KANSAS CITY -- Major League Baseball Commissioner Robert Manfred said he is fascinated with the Negro Leagues Baseball Museum, as well as the culture of hotels and restaurants that once flourished around Negro Leagues stadiums, such as those in the famous 18th and Vine District here.MLB Players Association executive director
KANSAS CITY -- Major League Baseball Commissioner Robert Manfred said he is fascinated with the Negro Leagues Baseball Museum, as well as the culture of hotels and restaurants that once flourished around Negro Leagues stadiums, such as those in the famous 18th and Vine District here.
MLB Players Association executive director Tony Clark referred to his trips to the NLBM as an "evolution of my education."
And for years, MLB players from Derek Jeter to Adam Jones to Mookie Betts have visited the NLBM to soak in its great history and pay homage to the game's roots.
And now the preservation of that history will be further secured with Wednesday's announcement that MLB and the MLBPA have agreed to jointly donate $1 million to the NLBM.
• Posnanski: Negro Leagues' legacy still vibrant
"I'm really excited about the partnership between baseball, the Major League Baseball Players Association and the Negro League Museum," Manfred said. "I realized that whenever you try to rebuild something -- like rebuild African-American participation in our game -- you need a great foundation.
"That's always the starting point, and it occurred to me that the foundation of our effort with respect to African-American players had to be an effort to make young African-American players understand the Negro Leagues, understand the significance of the Negro Leagues to African-American history and to American history."
"I would not have had the opportunities that I had as a player had it not been for those that came before me," said Clark. "I would not have had the opportunity to be in the position I'm in now if it had not been for those that came before me.
"As we talk about growing and developing the game and engaging the next generation of fans and kids -- the Negro League Museum being a part of that story, baseball history being a bigger part of that story -- the level of engagement for the next generation was vital."
The announcement was made inside the Negro Leagues Baseball Museum on Wednesday morning with NLBM president Bob Kendrick emceeing the proceedings. Also on hand were Manfred, Clark, Royals owner David Glass, Hall of Famer Dave Winfield, Judy Pace Flood (widow of Curt Flood), former Royals star Willie Wilson and Kansas City Mayor Sly James.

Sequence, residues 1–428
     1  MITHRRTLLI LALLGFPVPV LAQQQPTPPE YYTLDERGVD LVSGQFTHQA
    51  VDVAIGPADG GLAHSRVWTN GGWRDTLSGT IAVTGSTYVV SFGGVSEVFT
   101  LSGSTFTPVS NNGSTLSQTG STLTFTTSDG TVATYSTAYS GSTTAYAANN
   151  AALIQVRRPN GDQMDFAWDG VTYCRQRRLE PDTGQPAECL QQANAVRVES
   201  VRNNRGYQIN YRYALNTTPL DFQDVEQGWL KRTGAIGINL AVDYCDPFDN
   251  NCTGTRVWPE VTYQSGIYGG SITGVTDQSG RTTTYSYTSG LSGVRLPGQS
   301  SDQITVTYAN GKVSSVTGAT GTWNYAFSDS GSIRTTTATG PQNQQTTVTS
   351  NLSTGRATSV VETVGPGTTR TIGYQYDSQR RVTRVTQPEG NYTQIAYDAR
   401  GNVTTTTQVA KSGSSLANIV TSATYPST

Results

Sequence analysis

"On behalf of the board and the staff of the Negro League Baseball Museum," Kendrick said, "I want to thank Major League Baseball and the Players Association for their generosity."
Later, the ceremonial check presentation occurred moments before the start of the Royals-Red Sox game a few miles away at Kauffman Stadium.
"I think it's a great way to honor our past and honor the great players who played the game before us," Royals catcher Andrew Butera said. "I think it's everybody's duty between the front offices, Major League Baseball, us [players], to remember the great guys who set the tone before us. It's a great way to honor them, and a great way to remember the great things that they did."
The donation will be allocated from the Youth Development Foundation, which is run jointly by the MLBPA and MLB. Funds will help support NLBM's operations, museum services, expansion and educational and community programming.
"Because of the sacrifices and triumphs of the men and women of the Negro Leagues," Manfred said, "the Museum is an inspirational experience for fans of any age. We appreciate the Museum's contributions to baseball and the role it can play in encouraging young people to become a part of our game."
Some of the funds will help continue refurbishing the site at the Paseo YMCA, where the original Negro Leagues charter was signed in 1920. That site now has been renamed the Buck O'Neil Education and Research Center.
"The history of our great sport would be incomplete and inaccurate if the Negro Leagues Museum wasn't around to tell the story," Clark said.
The NLBM, founded in the early 1990s, is located in the famous 18th and Vine District and features multimedia computer stations, several film exhibits, hundreds of photographs, a replica field with 12 bronze sculptures and a growing collection of baseball artifacts.
"The history," Mayor James noted, "all comes through 18th and Vine."
In 1920, an organized league structure was formed under the guidance of Andrew "Rube" Foster -- a former player, manager, and owner with the Chicago American Giants. In a meeting held at the Paseo YMCA, Foster and a few other Midwestern team owners joined to form the Negro National League. Soon, rival leagues formed in eastern and southern states.
While Jackie Robinson breaking the color barrier obviously was an historic event, it also prompted the decline of the Negro Leagues. Soon after Robinson joined the Brooklyn Dodgers, the best black players were recruited for the Major Leagues.
The last Negro Leagues teams folded in the early 1960s. Their legacy lives on through the surviving players and the Negro Leagues Baseball Museum.
"At some point, the last of the Negro Leagues players will pass on, unfortunately," Kendrick said. "But we cannot let the legacy die."
Jeffrey Flanagan has covered the Royals since 1991, and for MLB.com since 2015. Follow him on Twitter @FlannyMLB.